• Ah yes, necessity as the mother of invention! Very true. Having said that, I wouldn’t want to have to rely on it long term… 😉

      Maybe we could call it two sides of the same (ahem) coin?

  3. The one thing I have learned from years in illustration and design (and it took me a long while), don’t chase after every dollar and job, now I choose a job that I truly want, and I make as much money as I did just gobbling up every crappy small job just to make a buck.
    The bigger “dream” projects demand more time, thus pay more.
    In the long run I am happier and more creative.
    I choose my clients as carefully as they choose me. If I get that little voice in my head saying “I don’t know about this, sounds hokey”, or the person is a little too unrealistic as to what the real cost is of what they are asking for, I politely turn down the project.
    Picky, maybe yes, happy, absolutely.
    I tell all my clients, “it’s not always the money, but who you work with”.
    That’s my two cents, does it help anyone, maybe not, but it sure works for me.

    • Picky, maybe yes, happy, absolutely.

      And wise, I’d say. It takes a bit of self-control not to chase every job, but as you’ve pointed out, being picky can earn you just as much, with less effort and more satisfaction.

    • One of the things I’ve learned the hard way is that it helps enormously if you like your clients and they like you. I mean more than just professional respect.

      I would argue that life is simply too short to put up with crappy clients. Now admittedly crappy clients often equals bad paying clients (too long to pay you is as bad as low rates if not worse as it screws up cashflow unexpectedly).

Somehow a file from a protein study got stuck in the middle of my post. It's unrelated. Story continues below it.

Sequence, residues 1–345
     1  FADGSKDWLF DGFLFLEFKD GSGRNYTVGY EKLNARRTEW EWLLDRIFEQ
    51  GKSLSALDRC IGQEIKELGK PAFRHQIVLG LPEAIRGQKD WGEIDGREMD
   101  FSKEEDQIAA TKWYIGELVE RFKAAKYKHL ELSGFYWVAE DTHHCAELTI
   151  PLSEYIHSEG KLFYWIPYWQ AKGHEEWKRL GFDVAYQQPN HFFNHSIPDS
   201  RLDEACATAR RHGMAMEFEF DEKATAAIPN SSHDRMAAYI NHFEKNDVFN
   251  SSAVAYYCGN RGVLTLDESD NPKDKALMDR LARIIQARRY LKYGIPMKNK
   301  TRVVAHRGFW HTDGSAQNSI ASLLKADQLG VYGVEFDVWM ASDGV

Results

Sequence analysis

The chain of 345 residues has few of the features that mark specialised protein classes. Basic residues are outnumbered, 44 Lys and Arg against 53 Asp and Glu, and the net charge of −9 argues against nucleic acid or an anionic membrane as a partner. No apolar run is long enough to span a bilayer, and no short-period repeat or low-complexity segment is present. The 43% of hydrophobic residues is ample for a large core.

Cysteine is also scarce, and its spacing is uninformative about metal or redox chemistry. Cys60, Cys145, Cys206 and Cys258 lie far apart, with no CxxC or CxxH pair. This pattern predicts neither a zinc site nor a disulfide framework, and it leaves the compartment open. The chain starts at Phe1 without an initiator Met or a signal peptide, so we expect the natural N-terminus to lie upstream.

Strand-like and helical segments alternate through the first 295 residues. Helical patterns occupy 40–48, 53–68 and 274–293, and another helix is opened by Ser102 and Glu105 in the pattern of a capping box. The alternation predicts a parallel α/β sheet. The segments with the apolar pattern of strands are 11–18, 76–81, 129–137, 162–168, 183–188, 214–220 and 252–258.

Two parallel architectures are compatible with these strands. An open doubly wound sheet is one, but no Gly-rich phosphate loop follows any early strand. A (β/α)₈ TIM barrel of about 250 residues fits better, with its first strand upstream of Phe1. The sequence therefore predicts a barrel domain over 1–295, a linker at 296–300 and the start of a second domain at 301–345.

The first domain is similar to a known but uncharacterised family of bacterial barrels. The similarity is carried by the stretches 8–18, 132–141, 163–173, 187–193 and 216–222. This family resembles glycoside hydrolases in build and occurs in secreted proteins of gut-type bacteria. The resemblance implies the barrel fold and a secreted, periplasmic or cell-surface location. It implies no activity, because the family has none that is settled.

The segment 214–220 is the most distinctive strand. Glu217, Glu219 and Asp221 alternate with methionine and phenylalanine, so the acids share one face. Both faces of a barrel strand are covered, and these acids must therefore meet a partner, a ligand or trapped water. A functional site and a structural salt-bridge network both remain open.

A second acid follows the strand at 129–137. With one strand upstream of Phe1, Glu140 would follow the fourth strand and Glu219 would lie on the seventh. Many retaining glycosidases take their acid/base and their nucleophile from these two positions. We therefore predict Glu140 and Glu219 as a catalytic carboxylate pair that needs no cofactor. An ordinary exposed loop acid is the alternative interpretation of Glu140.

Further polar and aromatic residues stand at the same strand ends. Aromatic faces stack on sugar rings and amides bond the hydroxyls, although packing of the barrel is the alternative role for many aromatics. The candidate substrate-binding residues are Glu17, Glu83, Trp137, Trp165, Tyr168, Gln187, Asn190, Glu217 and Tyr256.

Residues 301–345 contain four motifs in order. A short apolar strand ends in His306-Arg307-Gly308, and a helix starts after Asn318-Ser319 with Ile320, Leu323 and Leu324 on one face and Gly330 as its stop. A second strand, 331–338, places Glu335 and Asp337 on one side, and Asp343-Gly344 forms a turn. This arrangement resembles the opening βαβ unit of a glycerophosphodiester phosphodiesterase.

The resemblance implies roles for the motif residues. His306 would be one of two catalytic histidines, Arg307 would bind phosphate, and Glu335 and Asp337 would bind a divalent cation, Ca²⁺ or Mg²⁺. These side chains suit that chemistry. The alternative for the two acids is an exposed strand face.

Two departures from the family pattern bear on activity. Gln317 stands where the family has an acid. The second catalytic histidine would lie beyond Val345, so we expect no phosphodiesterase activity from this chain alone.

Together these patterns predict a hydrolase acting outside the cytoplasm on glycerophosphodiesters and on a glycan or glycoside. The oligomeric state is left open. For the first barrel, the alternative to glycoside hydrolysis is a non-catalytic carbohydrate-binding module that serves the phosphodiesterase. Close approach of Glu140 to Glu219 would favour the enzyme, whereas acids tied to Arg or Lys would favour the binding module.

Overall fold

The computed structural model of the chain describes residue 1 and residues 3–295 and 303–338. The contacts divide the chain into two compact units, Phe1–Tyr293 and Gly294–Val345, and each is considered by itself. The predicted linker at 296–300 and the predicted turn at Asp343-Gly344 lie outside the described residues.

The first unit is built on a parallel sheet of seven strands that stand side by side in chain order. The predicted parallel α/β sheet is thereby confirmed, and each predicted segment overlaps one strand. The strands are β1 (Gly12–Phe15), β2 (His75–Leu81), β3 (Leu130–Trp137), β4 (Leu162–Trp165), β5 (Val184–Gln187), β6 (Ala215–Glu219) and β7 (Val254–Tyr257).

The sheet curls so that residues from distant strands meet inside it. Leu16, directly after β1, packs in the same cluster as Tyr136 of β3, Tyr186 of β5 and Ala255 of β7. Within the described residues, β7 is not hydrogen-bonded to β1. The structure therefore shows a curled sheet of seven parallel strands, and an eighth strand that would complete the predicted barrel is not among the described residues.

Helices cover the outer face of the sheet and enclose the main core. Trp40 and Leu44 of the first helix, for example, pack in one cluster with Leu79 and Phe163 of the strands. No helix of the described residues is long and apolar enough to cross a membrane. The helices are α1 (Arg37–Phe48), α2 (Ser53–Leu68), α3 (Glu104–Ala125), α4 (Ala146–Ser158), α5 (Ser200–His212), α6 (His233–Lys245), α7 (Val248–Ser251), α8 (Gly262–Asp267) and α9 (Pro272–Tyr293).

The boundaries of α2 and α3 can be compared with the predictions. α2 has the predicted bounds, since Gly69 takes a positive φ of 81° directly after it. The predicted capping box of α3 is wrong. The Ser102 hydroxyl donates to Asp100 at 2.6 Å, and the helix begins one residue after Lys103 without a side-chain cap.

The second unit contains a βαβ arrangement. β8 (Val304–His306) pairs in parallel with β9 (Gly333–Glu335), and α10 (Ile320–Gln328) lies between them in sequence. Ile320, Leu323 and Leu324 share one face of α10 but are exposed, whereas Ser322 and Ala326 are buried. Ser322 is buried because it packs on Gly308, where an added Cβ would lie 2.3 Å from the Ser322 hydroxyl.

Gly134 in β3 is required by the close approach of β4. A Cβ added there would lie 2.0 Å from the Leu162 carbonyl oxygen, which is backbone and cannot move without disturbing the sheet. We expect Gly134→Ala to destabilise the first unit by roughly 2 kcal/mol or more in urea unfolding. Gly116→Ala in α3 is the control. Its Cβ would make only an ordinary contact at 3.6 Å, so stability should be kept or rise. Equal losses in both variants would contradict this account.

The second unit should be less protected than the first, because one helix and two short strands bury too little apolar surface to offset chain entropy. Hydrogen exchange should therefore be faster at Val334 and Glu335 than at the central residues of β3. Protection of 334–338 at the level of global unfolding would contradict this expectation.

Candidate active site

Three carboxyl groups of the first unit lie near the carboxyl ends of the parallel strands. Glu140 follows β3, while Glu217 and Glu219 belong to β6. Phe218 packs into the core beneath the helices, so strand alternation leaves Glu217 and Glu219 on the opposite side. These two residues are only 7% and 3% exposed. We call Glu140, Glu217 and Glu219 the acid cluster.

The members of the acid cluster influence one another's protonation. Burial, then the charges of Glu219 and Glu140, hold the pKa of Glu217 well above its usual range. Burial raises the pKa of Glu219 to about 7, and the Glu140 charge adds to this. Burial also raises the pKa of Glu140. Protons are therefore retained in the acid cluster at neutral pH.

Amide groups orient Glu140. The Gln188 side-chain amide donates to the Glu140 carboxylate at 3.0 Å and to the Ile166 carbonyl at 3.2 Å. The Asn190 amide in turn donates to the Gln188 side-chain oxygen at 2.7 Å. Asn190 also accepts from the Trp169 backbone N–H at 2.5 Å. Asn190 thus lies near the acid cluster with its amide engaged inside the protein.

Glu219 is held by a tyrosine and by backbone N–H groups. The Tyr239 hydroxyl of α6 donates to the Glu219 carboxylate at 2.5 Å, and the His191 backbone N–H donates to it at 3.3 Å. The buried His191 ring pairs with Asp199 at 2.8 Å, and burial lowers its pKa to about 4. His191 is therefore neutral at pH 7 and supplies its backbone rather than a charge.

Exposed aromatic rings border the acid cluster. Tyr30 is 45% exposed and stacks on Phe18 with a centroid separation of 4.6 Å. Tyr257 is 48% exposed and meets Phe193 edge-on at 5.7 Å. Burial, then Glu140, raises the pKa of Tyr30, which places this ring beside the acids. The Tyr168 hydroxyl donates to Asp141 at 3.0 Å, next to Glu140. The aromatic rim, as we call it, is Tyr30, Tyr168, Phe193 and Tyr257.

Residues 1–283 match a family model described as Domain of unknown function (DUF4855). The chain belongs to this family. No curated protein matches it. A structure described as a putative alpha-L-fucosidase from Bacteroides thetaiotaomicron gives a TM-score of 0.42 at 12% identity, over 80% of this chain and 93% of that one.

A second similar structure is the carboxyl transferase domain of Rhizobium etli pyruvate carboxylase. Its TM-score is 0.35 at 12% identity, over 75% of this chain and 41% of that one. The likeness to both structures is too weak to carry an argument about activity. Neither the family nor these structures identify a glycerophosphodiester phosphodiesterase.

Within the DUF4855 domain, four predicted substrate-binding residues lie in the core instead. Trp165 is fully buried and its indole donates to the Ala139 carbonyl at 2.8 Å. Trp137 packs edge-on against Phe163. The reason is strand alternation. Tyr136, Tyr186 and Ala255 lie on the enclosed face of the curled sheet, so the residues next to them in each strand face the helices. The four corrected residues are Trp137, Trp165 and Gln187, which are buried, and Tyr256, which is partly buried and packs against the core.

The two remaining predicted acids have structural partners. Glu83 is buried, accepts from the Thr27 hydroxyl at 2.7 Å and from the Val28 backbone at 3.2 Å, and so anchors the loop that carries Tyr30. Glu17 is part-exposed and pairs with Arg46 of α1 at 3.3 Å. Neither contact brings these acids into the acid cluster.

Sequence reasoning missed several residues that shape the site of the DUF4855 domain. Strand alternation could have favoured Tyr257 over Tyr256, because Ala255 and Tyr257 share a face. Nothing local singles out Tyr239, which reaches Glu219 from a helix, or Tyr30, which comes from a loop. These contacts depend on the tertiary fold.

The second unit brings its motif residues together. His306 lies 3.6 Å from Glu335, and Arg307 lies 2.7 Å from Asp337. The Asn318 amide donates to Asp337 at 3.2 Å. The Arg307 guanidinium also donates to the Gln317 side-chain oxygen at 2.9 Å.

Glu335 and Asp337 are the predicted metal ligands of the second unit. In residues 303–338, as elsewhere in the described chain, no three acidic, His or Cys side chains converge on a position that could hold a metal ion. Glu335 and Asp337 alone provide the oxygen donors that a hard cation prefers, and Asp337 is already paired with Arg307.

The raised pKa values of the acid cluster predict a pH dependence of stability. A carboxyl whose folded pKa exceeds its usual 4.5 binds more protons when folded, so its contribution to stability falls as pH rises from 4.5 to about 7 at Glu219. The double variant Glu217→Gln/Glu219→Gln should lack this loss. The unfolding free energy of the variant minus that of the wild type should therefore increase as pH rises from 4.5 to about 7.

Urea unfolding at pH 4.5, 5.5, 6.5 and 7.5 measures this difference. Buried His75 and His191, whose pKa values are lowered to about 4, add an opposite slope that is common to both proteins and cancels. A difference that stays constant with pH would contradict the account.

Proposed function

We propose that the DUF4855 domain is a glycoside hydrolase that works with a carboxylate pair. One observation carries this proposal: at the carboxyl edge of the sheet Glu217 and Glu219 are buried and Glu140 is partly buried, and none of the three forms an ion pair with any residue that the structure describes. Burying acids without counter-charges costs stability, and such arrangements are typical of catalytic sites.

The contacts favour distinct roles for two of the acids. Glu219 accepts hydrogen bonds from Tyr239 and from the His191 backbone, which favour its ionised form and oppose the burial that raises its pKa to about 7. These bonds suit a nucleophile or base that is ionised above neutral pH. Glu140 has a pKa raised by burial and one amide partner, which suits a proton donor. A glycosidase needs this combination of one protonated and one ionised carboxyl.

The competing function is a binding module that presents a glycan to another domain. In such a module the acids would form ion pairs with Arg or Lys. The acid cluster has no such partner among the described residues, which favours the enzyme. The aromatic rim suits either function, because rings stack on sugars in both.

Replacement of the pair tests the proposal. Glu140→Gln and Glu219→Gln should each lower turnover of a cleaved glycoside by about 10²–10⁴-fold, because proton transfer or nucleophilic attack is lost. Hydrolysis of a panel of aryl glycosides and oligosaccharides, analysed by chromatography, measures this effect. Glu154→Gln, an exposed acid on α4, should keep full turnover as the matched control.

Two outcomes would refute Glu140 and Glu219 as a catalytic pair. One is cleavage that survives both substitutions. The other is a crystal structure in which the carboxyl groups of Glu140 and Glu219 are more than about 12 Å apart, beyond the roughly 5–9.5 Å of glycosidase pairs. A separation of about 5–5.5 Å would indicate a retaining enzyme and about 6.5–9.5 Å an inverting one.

If you and your client like each other then not only will you both understand that you need to get paid properly and your client needs the outcome they’ve asked for but going the extra mile won’t seem like a marathon.

      The way this translates into negotations about a project costs looks something like this:

      scenario …. we’ve discussed a project, agreed that I’m the right consultant for them and they are the right client for me and now we have to talk budget:

      Me: Ok, I’ll kick this off by saying that if it’s not reached you on the grapevine already I’m expensive. More expensive than most of my competitors, £1k a day in fact. So I’ll happily cost this project, I’ll do my very best to work with you so that you only get the amount of time you need from me (actually neither of us benefits from my adding ‘padding’ to a project) so when we get to a budget and project plan you’ll know that not only will you get my best time, best new ideas, access to my contacts etc but also that you’re not paying for more than you need. Equally, because I’m being well paid if it needs a bit of extra to get the job done I’ll just do it and we won’t be renegotiating the costs.

      the response from the client is one of two things:
      1) ok, well of course I’m not necessarily thrilled at the day rate but if we get what we need it won’t be an issue and I’ll be holding you to the project commitments and if things change along the way I’ll be expecting you to be proactive in finding solutions that work for us

      2) hmm, that’s going to be an issue. Frankly we don’t ever pay more than X per day so I think that day rate will have to come down or we’ll have to look elsewhere.